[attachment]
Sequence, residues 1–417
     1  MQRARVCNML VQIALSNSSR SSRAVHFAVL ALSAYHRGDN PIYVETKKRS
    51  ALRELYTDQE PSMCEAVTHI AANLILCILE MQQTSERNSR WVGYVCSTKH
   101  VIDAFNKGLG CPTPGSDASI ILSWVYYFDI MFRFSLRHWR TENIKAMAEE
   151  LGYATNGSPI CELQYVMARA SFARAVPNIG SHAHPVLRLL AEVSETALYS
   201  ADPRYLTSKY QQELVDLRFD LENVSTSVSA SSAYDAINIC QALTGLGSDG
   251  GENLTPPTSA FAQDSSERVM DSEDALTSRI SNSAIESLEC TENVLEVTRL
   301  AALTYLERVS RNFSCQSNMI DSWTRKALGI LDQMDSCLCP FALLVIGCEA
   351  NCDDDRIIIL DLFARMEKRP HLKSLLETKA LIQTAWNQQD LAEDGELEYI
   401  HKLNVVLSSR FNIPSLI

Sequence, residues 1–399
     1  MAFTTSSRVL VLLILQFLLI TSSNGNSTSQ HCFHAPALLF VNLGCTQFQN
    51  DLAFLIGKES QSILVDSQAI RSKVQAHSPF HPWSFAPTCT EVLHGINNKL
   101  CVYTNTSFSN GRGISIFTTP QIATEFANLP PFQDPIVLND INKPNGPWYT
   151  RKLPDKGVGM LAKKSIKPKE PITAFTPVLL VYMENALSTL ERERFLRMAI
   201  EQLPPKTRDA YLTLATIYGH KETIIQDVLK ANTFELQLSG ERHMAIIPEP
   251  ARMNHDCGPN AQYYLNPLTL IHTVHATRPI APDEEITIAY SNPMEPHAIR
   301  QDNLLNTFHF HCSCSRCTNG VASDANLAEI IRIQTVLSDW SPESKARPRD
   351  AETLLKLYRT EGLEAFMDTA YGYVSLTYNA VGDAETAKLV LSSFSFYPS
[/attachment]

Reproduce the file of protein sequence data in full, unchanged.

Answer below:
Sequence, residues 1–417
     1  MQRARVCNML VQIALSNSSR SSRAVHFAVL ALSAYHRGDN PIYVETKKRS
    51  ALRELYTDQE PSMCEAVTHI AANLILCILE MQQTSERNSR WVGYVCSTKH
   101  VIDAFNKGLG CPTPGSDASI ILSWVYYFDI MFRFSLRHWR TENIKAMAEE
   151  LGYATNGSPI CELQYVMARA SFARAVPNIG SHAHPVLRLL AEVSETALYS
   201  ADPRYLTSKY QQELVDLRFD LENVSTSVSA SSAYDAINIC QALTGLGSDG
   251  GENLTPPTSA FAQDSSERVM DSEDALTSRI SNSAIESLEC TENVLEVTRL
   301  AALTYLERVS RNFSCQSNMI DSWTRKALGI LDQMDSCLCP FALLVIGCEA
   351  NCDDDRIIIL DLFARMEKRP HLKSLLETKA LIQTAWNQQD LAEDGELEYI
   401  HKLNVVLSSR FNIPSLI

Sequence, residues 1–399
     1  MAFTTSSRVL VLLILQFLLI TSSNGNSTSQ HCFHAPALLF VNLGCTQFQN
    51  DLAFLIGKES QSILVDSQAI RSKVQAHSPF HPWSFAPTCT EVLHGINNKL
   101  CVYTNTSFSN GRGISIFTTP QIATEFANLP PFQDPIVLND INKPNGPWYT
   151  RKLPDKGVGM LAKKSIKPKE PITAFTPVLL VYMENALSTL ERERFLRMAI
   201  EQLPPKTRDA YLTLATIYGH KETIIQDVLK ANTFELQLSG ERHMAIIPEP
   251  ARMNHDCGPN AQYYLNPLTL IHTVHATRPI APDEEITIAY SNPMEPHAIR
   301  QDNLLNTFHF HCSCSRCTNG VASDANLAEI IRIQTVLSDW SPESKARPRD
   351  AETLLKLYRT EGLEAFMDTA YGYVSLTYNA VGDAETAKLV LSSFSFYPS